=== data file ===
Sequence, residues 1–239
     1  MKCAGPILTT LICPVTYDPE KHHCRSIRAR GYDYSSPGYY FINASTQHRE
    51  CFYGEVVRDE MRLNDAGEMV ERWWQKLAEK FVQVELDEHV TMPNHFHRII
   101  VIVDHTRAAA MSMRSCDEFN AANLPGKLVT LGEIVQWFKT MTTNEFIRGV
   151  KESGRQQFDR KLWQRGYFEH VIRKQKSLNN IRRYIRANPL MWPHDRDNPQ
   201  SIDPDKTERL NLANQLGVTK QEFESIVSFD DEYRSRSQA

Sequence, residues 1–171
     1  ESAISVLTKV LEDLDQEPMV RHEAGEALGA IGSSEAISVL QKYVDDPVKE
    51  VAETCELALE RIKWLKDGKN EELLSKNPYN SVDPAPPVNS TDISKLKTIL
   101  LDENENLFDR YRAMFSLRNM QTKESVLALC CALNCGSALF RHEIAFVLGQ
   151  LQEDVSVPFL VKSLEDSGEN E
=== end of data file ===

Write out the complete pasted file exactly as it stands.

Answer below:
Sequence, residues 1–239
     1  MKCAGPILTT LICPVTYDPE KHHCRSIRAR GYDYSSPGYY FINASTQHRE
    51  CFYGEVVRDE MRLNDAGEMV ERWWQKLAEK FVQVELDEHV TMPNHFHRII
   101  VIVDHTRAAA MSMRSCDEFN AANLPGKLVT LGEIVQWFKT MTTNEFIRGV
   151  KESGRQQFDR KLWQRGYFEH VIRKQKSLNN IRRYIRANPL MWPHDRDNPQ
   201  SIDPDKTERL NLANQLGVTK QEFESIVSFD DEYRSRSQA

Sequence, residues 1–171
     1  ESAISVLTKV LEDLDQEPMV RHEAGEALGA IGSSEAISVL QKYVDDPVKE
    51  VAETCELALE RIKWLKDGKN EELLSKNPYN SVDPAPPVNS TDISKLKTIL
   101  LDENENLFDR YRAMFSLRNM QTKESVLALC CALNCGSALF RHEIAFVLGQ
   151  LQEDVSVPFL VKSLEDSGEN E